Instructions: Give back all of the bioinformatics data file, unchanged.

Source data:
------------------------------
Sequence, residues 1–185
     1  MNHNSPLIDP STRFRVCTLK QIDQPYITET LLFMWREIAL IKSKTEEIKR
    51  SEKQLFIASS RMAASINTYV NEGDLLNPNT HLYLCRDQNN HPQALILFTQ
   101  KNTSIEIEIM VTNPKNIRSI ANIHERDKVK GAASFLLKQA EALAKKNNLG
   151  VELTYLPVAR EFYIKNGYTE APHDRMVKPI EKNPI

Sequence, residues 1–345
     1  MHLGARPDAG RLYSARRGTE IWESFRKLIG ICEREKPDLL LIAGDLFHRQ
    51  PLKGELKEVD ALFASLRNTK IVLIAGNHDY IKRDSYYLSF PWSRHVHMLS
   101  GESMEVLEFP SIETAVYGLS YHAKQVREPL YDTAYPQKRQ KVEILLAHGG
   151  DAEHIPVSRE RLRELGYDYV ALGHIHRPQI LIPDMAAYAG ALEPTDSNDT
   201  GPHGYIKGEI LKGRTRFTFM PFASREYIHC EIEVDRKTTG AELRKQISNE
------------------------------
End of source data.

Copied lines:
Sequence, residues 1–185
     1  MNHNSPLIDP STRFRVCTLK QIDQPYITET LLFMWREIAL IKSKTEEIKR
    51  SEKQLFIASS RMAASINTYV NEGDLLNPNT HLYLCRDQNN HPQALILFTQ
   101  KNTSIEIEIM VTNPKNIRSI ANIHERDKVK GAASFLLKQA EALAKKNNLG
   151  VELTYLPVAR EFYIKNGYTE APHDRMVKPI EKNPI

Sequence, residues 1–345
     1  MHLGARPDAG RLYSARRGTE IWESFRKLIG ICEREKPDLL LIAGDLFHRQ
    51  PLKGELKEVD ALFASLRNTK IVLIAGNHDY IKRDSYYLSF PWSRHVHMLS
   101  GESMEVLEFP SIETAVYGLS YHAKQVREPL YDTAYPQKRQ KVEILLAHGG
   151  DAEHIPVSRE RLRELGYDYV ALGHIHRPQI LIPDMAAYAG ALEPTDSNDT
   201  GPHGYIKGEI LKGRTRFTFM PFASREYIHC EIEVDRKTTG AELRKQISNE